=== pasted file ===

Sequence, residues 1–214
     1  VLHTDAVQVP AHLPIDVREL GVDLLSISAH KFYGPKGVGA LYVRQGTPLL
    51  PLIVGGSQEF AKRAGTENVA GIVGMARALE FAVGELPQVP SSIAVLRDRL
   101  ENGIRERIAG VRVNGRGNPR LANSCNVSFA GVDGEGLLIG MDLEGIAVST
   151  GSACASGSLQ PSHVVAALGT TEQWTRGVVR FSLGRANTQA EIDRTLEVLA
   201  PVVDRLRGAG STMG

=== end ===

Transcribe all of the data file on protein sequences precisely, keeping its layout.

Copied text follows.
Sequence, residues 1–214
     1  VLHTDAVQVP AHLPIDVREL GVDLLSISAH KFYGPKGVGA LYVRQGTPLL
    51  PLIVGGSQEF AKRAGTENVA GIVGMARALE FAVGELPQVP SSIAVLRDRL
   101  ENGIRERIAG VRVNGRGNPR LANSCNVSFA GVDGEGLLIG MDLEGIAVST
   151  GSACASGSLQ PSHVVAALGT TEQWTRGVVR FSLGRANTQA EIDRTLEVLA
   201  PVVDRLRGAG STMG